CDC Director Tells Vaccinated Americans to Have a 'Safe, Happy' Memorial Day Weekend
Last year Americans were warned to stay home over the long weekend because COVID-19 was “not yet contained” — and cases surged in the weeks after the holiday
In a sign of how much the COVID-19 pandemic has changed over the past year, the director of the Centers for Disease Control told vaccinated Americans to have a "safe, happy" Memorial Day weekend on Tuesday, a shift from 2020 when health officials urged people to stay home with the virus quickly spreading.
However, CDC Director Dr. Rochelle Walensky warned unvaccinated Americans that they are still at risk and should use the long weekend to get their shots.
"If you are vaccinated, you are protected, and you can enjoy your Memorial Day," Walensky said in a press conference. "If you are not vaccinated, our guidance has not changed for you, you remain at risk of infection. You still need to mask and take other precautions."
Those who are vaccinated should feel safe enjoying the holiday weekend, Walensky said.
"This past weekend, I got to [spend] time outside with my family, and I was encouraged to see so many others outside and to see so many of their smiles," she said. "All of this is possible because vaccinations are going up and cases and risk of community transmission across the country are going down."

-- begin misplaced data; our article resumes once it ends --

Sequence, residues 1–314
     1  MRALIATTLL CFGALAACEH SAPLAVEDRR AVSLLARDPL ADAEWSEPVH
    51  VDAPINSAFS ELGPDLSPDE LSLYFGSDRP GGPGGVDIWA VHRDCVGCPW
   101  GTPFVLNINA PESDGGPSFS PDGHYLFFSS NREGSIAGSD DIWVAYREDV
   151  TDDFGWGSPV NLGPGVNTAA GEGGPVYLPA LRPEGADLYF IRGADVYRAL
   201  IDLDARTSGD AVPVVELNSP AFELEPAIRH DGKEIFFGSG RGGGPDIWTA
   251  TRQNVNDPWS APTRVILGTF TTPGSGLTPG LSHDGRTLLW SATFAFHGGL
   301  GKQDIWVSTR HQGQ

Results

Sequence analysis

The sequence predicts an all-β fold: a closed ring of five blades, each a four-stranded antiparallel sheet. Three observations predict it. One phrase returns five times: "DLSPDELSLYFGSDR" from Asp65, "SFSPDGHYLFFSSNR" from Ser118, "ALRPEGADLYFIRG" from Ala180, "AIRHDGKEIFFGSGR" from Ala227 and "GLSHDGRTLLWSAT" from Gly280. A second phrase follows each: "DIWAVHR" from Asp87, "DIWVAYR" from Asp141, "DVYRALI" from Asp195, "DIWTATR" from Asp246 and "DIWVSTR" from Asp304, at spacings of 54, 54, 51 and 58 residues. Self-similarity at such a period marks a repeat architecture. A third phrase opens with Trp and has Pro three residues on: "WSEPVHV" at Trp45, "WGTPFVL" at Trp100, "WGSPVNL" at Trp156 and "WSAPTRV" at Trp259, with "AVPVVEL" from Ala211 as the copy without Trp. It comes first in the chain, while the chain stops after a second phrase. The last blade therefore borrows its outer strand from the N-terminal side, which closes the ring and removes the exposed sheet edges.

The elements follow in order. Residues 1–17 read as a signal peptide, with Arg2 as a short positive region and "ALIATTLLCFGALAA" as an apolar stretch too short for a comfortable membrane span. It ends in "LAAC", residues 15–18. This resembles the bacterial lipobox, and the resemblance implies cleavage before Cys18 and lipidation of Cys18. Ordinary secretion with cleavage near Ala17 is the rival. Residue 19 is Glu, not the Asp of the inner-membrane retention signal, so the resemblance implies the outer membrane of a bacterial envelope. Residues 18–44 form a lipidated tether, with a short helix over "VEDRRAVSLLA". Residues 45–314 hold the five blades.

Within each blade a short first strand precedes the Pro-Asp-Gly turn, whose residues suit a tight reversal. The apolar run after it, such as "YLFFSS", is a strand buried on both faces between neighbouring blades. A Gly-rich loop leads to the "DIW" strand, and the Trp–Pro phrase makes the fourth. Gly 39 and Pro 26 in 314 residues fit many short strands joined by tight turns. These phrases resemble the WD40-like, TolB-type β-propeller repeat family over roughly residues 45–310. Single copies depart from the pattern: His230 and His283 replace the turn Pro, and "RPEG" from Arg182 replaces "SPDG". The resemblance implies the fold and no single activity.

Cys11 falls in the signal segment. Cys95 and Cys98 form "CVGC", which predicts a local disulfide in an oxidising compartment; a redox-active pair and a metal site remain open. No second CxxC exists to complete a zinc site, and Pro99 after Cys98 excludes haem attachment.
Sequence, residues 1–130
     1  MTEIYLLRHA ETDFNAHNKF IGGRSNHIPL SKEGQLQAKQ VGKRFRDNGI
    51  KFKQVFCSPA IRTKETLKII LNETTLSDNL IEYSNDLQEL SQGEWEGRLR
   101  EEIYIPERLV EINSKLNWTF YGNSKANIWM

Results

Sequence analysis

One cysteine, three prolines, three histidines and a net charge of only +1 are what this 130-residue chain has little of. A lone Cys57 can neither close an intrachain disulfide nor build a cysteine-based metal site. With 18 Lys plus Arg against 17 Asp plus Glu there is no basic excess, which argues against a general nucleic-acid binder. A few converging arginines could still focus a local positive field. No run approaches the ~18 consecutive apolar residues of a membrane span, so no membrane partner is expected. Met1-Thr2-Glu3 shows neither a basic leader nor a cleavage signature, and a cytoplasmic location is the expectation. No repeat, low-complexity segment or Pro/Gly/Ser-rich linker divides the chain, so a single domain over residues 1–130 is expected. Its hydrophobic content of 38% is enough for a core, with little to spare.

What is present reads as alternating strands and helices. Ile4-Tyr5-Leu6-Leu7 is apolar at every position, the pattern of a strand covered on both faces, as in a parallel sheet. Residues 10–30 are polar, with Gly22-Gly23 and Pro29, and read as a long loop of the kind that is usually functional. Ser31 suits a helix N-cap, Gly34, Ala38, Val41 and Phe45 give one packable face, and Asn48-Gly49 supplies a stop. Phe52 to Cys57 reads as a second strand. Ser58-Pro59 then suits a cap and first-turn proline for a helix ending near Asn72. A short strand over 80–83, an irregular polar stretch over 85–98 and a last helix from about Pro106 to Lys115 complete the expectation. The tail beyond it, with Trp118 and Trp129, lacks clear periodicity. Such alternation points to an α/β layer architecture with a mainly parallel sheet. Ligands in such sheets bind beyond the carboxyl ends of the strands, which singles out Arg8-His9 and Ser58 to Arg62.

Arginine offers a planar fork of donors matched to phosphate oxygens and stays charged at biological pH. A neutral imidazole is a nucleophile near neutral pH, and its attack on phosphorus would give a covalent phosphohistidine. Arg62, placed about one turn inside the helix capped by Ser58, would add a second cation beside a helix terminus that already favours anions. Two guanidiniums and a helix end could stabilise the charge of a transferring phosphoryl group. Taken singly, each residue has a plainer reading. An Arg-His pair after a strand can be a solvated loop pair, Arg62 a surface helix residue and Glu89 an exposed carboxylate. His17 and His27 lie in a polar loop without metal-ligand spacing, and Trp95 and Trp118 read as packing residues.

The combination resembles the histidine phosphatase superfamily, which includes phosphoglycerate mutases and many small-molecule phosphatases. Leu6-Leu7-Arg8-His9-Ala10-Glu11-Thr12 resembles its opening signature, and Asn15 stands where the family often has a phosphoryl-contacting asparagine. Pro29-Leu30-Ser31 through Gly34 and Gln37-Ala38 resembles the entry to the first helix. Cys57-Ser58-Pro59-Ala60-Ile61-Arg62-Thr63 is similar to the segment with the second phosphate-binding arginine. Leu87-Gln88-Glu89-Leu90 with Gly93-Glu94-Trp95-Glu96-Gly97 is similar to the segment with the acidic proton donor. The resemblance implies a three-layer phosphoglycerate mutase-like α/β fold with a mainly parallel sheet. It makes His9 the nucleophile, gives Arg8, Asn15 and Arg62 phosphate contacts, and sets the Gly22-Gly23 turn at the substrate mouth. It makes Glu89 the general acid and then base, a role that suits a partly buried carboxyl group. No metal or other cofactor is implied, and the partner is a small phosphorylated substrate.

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A year earlier, COVID-19 was not well understood, and former Food and Drug Administration Commissioner Dr. Stephen Hahn warned Americans that the virus was "not yet contained" and to take precautions over Memorial Day weekend.
"With the country starting to open up this holiday weekend, I again remind everyone that the coronavirus is not yet contained," he said. "It is up to every individual to protect themselves and their community. Social distancing, hand washing and wearing masks protect us all."
This year, with three highly effective vaccines in use and more than 50% of American adults now vaccinated against the virus, cases have steeply declined to around 24,000 a day on average.
"We are on a good downward path, but we are not quite out of the woods yet," Walensky said Tuesday, as she encouraged unvaccinated people to get inoculated.